The Westerly has a simple bottlescrew on the backstay and pin stop genoa cars. The Westerly strains at the leash to show you just what she can do. But don’t get me wrong; she’s not a handful – quite the opposite.


The Westerly Ocean 37 is silky smooth, easily driven and quicker on all points of sail, easily slipping along at 6 to 6.2 knots in the same breeze.

There are some boats that just feel like they want to sail all day and night for as long as you like and the Ocean 37 is one of them. Present her with a few waves or a steep wash and she’ll simply slice through them.

She may only be 37ft but the Westerly Ocean 37 is a competent go-anywhere cruiser which is as happy pottering around sheltered waters as she is driving on when the going gets messy offshore.


It is at this point that her tighter-fitting accommoda­tion comes into its own-she’s a far easier boat to move about in underway when pushed than its rival the more spacious Jeanneau Sun Odyssey 37.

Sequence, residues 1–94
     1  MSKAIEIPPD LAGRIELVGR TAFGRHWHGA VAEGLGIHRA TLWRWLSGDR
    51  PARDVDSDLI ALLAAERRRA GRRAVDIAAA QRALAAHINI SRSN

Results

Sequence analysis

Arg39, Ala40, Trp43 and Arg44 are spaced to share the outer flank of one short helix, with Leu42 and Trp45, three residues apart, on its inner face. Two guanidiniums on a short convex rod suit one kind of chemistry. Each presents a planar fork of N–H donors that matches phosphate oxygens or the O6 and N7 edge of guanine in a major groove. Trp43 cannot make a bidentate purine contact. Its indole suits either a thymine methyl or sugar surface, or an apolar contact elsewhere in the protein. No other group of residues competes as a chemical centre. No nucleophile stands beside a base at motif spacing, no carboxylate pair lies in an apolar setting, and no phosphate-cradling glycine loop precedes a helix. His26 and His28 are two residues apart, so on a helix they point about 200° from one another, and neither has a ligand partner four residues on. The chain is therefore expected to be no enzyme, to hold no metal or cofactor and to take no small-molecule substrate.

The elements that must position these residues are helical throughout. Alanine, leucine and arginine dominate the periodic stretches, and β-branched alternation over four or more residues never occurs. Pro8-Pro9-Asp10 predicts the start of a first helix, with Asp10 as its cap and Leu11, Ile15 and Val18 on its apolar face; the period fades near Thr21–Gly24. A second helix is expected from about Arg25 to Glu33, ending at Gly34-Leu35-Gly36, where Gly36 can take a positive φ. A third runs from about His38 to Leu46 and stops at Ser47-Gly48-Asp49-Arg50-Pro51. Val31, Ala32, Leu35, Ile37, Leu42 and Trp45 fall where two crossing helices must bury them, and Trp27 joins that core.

But not everyone wants to pay for a boat with the kind of off-road capabilities that come as standard with the Westerly.

Indeed, many production builders have seen the opportunity to produce a cruiser that reflects the popular kind of cruising where overnight passages are an exception rather than the rule.

First published in the June 2000 issue of YW.


Price (ex VAT):£106,875
LOA:37ft 4in (11.38m)
LWL:31ft 10in (9.71m)
Beam(max):12ft 4in (3.75m)
Draught:6ft 0in (1.83m)
Disp (lightship):16.975lb (7,700kg)
Ballast:6,129lb (2,780kg)
Sail area (100% foretriangle):793ft² (74m²)
Engine:Yanmar 3GM
Power:22kW, 30hp
Water capacity:33gal (150lt)
Fuel capacity:22gal (100lt)
Sail area: disp:19.3
Disp: LWL:234